All Leaving Cert students studying languages will receive marks of 100% in lieu of oral assessments that were due to be held in Irish and modern European languages, Minister for Education Joe McHugh announced.

The measure has been announced by Minister for Education Joe McHugh.

Oral exams were due to begin on 23 March, but have now been cancelled.

The oral assessment is worth 40% of overall marks in Irish, and 25% of overall marks at higher level and 20% at ordinary level in modern European languages.

The deadline for submission of practical and coursework for the Leaving Cert has been extended to 15 May.

Mr McHugh said the cancellation was the fairest response that could be taken in the circumstances as "it guarantees that no student will score less than they would have if schools had been operating as normal".

"I hope this decision will ease some of the pressure that students are feeling and allow them to focus more clearly on completing project work and preparing for written exams," he added.

The minister said that officials were working on the basis that the Leaving Cert written exams would go ahead in June.

No decision has been made in relation to the Junior Cert exams, according to Mr McHugh, and "all contingencies" were being looked at.

The Taoiseach Leo Varadkar has also told his Fine Gael party colleagues that restrictions on schools opening could extend into May.

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Minister McHugh said his officials were also examining how to continue providing free school meals to vulnerable children, thousands of whom rely on the scheme for nutrition.

Speaking on RTÉ's Six One News, Mr McHugh said that the welfare of young people was at the heart of the decision announced today.

He appealed for students to stay focused on the written exams, as the department is still working towards them taking place in June.

The change to the 2020 State examinations means that all Leaving Cert students who were due to take oral and practical performance tests in Irish, French, German, Spanish, Italian, Russian and Japanese will be given full marks for this part of the exam.

The move also affects practical performance tests in Leaving Cert Music and Junior Cert Music and Home Economics.

Mr McHugh also confirmed changes to deadlines for students to complete project work and coursework in a number of subjects.

Leaving and Junior Cert students will now be given until Friday, 15 May to complete this work.

Mr McHugh said: "We know we are asking a lot of people in order to stem the spread of Covid-19.

"In response to that I want students and their parents or guardians and teachers to be given flexibility as they work towards the exams."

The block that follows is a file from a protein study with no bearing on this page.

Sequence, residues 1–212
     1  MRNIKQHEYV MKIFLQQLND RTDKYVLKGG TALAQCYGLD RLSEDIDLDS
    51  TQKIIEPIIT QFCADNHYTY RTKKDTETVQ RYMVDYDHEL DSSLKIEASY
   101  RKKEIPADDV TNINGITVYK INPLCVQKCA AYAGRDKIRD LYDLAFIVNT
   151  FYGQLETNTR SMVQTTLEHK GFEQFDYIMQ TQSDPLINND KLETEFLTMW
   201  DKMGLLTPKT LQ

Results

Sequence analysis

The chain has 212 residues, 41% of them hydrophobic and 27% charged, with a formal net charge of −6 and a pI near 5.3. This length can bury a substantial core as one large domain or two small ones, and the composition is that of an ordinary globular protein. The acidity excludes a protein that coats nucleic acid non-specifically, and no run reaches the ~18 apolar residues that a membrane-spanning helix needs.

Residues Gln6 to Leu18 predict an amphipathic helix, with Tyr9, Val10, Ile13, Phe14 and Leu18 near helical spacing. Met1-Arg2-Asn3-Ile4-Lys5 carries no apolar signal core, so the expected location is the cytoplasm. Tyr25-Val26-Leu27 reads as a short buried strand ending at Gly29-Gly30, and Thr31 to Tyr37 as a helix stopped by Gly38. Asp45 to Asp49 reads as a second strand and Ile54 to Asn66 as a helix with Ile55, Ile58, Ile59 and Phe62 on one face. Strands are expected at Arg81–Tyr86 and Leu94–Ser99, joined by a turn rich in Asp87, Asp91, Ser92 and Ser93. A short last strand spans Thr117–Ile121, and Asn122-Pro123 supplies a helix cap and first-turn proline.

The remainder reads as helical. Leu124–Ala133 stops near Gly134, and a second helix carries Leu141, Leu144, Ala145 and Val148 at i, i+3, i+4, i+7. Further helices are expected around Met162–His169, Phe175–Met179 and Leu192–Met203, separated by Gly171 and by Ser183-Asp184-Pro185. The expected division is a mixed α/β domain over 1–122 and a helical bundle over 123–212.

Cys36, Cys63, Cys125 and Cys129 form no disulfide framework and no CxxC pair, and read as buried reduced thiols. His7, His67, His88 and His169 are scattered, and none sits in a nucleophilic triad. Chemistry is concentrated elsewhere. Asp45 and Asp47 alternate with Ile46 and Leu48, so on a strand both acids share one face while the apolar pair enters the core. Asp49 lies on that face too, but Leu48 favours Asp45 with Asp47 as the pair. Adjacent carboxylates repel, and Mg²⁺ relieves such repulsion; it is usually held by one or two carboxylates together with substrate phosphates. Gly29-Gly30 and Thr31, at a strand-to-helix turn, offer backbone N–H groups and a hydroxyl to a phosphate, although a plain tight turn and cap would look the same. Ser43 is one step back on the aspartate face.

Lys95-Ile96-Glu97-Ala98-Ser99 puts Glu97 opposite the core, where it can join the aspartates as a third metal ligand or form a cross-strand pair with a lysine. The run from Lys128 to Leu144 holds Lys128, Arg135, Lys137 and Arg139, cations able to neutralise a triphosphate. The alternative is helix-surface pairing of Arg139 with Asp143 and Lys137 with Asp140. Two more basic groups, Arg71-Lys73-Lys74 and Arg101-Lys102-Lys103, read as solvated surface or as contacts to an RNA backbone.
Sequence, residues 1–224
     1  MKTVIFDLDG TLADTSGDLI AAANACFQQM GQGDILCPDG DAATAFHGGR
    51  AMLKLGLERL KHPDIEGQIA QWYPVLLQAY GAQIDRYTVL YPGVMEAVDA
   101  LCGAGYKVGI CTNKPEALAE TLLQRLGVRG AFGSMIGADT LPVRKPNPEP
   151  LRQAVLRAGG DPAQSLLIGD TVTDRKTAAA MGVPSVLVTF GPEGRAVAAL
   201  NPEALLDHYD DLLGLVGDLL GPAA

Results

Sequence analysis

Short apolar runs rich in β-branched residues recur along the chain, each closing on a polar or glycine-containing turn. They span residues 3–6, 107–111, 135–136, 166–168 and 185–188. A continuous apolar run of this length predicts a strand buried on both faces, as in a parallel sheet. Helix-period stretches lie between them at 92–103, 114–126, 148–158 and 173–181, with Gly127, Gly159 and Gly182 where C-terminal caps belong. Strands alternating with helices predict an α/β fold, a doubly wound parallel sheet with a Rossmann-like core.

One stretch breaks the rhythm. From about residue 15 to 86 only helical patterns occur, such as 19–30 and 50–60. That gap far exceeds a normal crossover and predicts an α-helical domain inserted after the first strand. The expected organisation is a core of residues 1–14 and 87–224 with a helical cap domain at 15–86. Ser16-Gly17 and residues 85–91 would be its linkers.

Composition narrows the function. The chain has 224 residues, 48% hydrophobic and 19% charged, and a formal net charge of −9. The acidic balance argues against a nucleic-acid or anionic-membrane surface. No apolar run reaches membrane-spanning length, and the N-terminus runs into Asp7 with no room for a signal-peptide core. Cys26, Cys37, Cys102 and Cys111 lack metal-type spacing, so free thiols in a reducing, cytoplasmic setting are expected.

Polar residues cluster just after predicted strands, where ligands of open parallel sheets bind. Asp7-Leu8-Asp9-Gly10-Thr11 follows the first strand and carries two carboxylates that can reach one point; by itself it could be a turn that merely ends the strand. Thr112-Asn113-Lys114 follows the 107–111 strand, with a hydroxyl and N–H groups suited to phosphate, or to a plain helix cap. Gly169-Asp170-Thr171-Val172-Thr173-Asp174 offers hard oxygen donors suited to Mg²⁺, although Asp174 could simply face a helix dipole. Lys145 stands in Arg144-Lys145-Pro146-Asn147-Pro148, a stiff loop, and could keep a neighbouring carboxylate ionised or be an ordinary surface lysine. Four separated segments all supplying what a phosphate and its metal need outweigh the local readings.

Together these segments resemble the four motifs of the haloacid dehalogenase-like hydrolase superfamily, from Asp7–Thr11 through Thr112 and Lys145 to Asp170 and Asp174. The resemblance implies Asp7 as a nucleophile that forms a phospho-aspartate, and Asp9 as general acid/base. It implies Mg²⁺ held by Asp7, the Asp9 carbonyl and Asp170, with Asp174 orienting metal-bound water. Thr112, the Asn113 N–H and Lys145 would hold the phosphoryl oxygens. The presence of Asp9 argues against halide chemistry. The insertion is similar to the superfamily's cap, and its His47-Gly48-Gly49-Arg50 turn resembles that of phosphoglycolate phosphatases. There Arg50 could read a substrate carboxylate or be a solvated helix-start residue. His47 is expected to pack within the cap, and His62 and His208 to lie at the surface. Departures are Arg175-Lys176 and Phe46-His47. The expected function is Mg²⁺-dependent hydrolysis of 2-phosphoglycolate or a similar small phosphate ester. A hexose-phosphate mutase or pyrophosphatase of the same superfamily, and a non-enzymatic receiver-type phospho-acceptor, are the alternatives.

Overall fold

He said the Department of Education will continue to work with the State Examinations Commission to monitor the Covid-19 situation in terms of its potential impact on other later scheduled components of the State examinations.

All schools have been asked to continue to plan lessons and, where possible, provide online resources for students or online lessons where schools are equipped to do so.

Schools have also been asked to be conscious of students that may not have access to online facilities and to consider this actively in their responses.

Junior Cycle Music and Home Economics practical exams have also been cancelled.

Students who were due to sit the orals or practical performance tests in the affected subjects will take their final written examinations in these subjects at the level they have indicated when confirming their subject choices to the State Examinations Commission earlier this year.

There are 126,000 students due to sit the State exams in 2020.

ASTI welcomes Leaving Cert oral exams move

The President of secondary teachers union ASTI has welcomed the decision to cancel the Leaving Cert oral exams.

Deirdre McDonald said that students generally do well in the orals and the move gives them the opportunity to focus on the written exams.

Speaking on RTÉ's Today with Sean O'Rourke, Ms McDonald also said that she had heard varying reports from teachers who are teaching remotely.

It can be difficult to engage with some students in the classroom, she said, and that becomes more difficult when working remotely.

Ms McDonald urged parents to play their part and encourage students to continue to learn.

The Education and Training Boards Ireland, which represents ETB schools, also welcomed the fact that some clarity had been given to students, parents and teachers.

John Curtis, head of the Joint Managerial Body (JMB), which represents the managers of religious run schools, said while it was regrettable that the orals would not now take place, "our students and schools now have more direction on this and can plan their work accordingly".

He said it was important that the collective focus on students and their needs continued. 

Mr Curtis paid tribute to those in school communities "who are doing such innovative work to try and ensure that this is the case".